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Does customer delight lead to customer loyalty? Many managers would say yes – the concept of delighting customers to cement loyalty has been ingrained into many people’s thinking, and has become such a commonly held belief that many organizations do not even question it.
But for many businesses, this can be a poor return on investment, with many resources being spent on a never-ending quest to go above and beyond.
The ugly truth is that beyond meeting customer expectations, delighting customers has a minimal impact on loyalty. In fact, customers are more likely to punish a company for poor service than they are willing to patronize a business because of exceptional service.
Let’s explore the reasons why customer delight doesn’t always ensure customer loyalty, and what strategies you can use instead.
The way a company perceives itself and its initiatives are usually worlds apart from the views of their customers. In 2005, Bain & Company surveyed 362 firms. 80% of these firms believed that they were delivering a “superior experience.” Unfortunately, only 8% of their customers had that same belief. There is obviously a significant disconnect between the two sides, meaning that while companies are striving to provide delightful customer experiences, their customers are a lot more skeptical of their ability to do so.
Many companies believe that loyalty increases when companies meet customer expectations. Most also believe that exceeding expectations dramatically increases customer loyalty. Unfortunately, research shows this is far from the truth: exceeding customer expectations has marginal effects on levels of customer loyalty.
Matthew Dixon writes about this extensively in his book, “The Effortless Experience”. Dixon explains that delighting customers only happens around 16% of the time. While this might be acceptable, operational costs to achieve that are usually in the 10 – 20% range.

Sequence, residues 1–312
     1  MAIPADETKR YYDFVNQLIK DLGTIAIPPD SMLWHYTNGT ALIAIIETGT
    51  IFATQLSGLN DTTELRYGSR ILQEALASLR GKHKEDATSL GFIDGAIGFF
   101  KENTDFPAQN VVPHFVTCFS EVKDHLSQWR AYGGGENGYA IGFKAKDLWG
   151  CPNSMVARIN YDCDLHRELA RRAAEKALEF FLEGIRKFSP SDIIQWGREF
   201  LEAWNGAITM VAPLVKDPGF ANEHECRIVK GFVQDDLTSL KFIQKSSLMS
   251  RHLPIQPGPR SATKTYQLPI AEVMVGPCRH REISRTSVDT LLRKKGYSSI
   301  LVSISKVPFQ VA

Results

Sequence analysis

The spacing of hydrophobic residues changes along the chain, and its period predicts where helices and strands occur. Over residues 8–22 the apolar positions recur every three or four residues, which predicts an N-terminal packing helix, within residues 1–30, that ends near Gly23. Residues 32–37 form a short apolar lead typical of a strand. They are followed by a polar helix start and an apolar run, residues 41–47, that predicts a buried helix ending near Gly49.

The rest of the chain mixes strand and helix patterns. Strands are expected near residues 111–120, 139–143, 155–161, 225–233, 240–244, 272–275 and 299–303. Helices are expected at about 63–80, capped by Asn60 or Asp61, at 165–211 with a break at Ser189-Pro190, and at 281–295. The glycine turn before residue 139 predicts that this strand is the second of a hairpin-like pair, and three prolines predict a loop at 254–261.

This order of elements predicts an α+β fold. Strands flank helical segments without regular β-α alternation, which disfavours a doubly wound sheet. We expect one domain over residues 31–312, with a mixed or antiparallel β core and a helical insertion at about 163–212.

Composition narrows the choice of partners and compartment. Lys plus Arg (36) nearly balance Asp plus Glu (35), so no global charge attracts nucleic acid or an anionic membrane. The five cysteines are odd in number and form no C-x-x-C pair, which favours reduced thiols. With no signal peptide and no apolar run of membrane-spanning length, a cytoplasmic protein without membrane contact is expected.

Delighting customers costs money – significant amounts of money. And while exceptional experiences might be a fantastic marketing tool, it can be short-sighted for many businesses to focus their entire CX strategy on aiming to delight their entire customer base.
Because unhappy customers tell twice as many people about their experiences than happy customers, when forming a customer experience strategy, it can make more sense for operations to play more of a ‘defensive’ role than going on the charm offensive. Removing obstacles and providing customers with a smoother experience often provides a lot more ready benefits than striving to provide delightful experiences.
Creating customer delight tends to feel good, but it needs to be balanced against the bottom line.
One of the most significant ways that companies can remove obstacles and provide smooth experiences is through providing service to customers on the channel of their choice.
To cast your net wider and satisfy a larger number of customers, multiple contact options need to be in place. Enterprise companies need to offer service and communication via email, social media, telephone, live chat, and self-service, to provide a full suite of contact options specific to different customer demographics and circumstances.
But to build a truly effective multichannel strategy, efforts should be spent on evaluating customer journeys and determining what steps can be taken to create a better experience across all of these channels. Blindly adding channels can increase, rather than decrease, customer effort, hurting your chance of securing customer loyalty.
For example, a common trend is the creation of Knowledge Bases (KBs) and self-service portals. Organizations often invest significant time and effort into creating KBs, only to end up with a portal that does not truly address customer issues. Articles are often difficult to understand, hard to navigate, full of jargon, off-topic or out of date, not providing customers with the answers they need. Research has shown that a full 57.7% of callers have already visited the company website, and presumably not found the help they were after. In fact, 35.5% of callers were on the company website while concurrently talking to the agent.